Get dirty, have fun and grow more food with great gardening tips from real-life gardeners.
Back when my house was built in 2003, the city I live in required (and still does) that the grading of the lot must include a drainage pond – a place for collecting rainwater that comes off of the rooftop of the house during a rainstorm. It is designed with a low area near the back of my half-acre lot and has a concrete block and gravel dam at the downhill end. The dam is one concrete block high and about 10 feet in length. Once the level of water fills the “pond” area and reaches the height of the dam, the water then continues to flow downhill and off the property. This essentially helps to capture some of the rainwater allowing it to sink into the ground rather than cause a runoff problem. And, it works really well during a rare (I live in the desert, and California is in a severe drought) cloudburst. It is especially good that it works given the fact that my house is the only one new enough on my block to have these “pond” requirements. The water that comes off of all the rooftops uphill from my house runs off of their lots and straight into mine.
So, most of the time this “pond” area is completely dry and unused. For several years I thought this was a big waste of land that could be used for something useful or productive. Last year I made the decision to add more raised beds to my organic veggie garden, and this was the area that I would put them. I just needed a plan/design that would keep the beds and plants safe in the event of the area flooding during a storm, yet not prevent the “pond” from doing its job.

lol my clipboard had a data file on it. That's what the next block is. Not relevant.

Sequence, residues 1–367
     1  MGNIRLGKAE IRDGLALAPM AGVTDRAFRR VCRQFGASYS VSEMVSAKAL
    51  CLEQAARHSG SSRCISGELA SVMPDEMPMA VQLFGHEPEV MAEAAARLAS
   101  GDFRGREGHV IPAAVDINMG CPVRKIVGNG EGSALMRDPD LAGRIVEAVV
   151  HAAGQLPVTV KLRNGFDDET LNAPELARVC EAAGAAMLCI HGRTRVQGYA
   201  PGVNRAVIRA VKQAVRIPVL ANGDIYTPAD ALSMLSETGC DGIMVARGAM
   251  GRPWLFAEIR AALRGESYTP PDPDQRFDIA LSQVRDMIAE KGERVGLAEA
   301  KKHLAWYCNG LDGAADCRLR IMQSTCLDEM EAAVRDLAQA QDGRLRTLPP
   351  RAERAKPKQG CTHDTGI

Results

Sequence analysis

On June 12, 2015, the setup was tested when a cloudburst (yay, free water) occurred right over the area. It poured for over an hour and dumped well over an inch of rain, probably closer to two inches. I discovered about half way through that my rain gauge had been knocked over, so I set it back up and it still measured nearly an inch when it was over. I spoke with some friends in nearby areas and none had anything more than a drizzle. My garden area not only survived, it pretty much went unscathed!
So what is that I did when I built the garden to withstand so much water?
I created eight raised beds, each measuring eight feet by four feet and eight inches high. With the beds being placed uphill from the dam area, the eight-inch height would allow the area around the beds to fill with water, but the excess water would escape over the dam before it would go over the tops of the beds. Between each bed, I attached two-by-four boards at ground level. These served to divert the flow of water around the garden area so that the pathway materials would not be washed away when a deluge of water came rushing through. The setup would divert the water around the garden, while allowing it to come slowly into the pathways from the downhill end.
The vegetable plants got a little extra water during the deluge, but since the water was not able to wash everything away, the plants did very well. The native soil is very sandy, so it was only a short time before the ponded water around the beds had completely drained into the ground.
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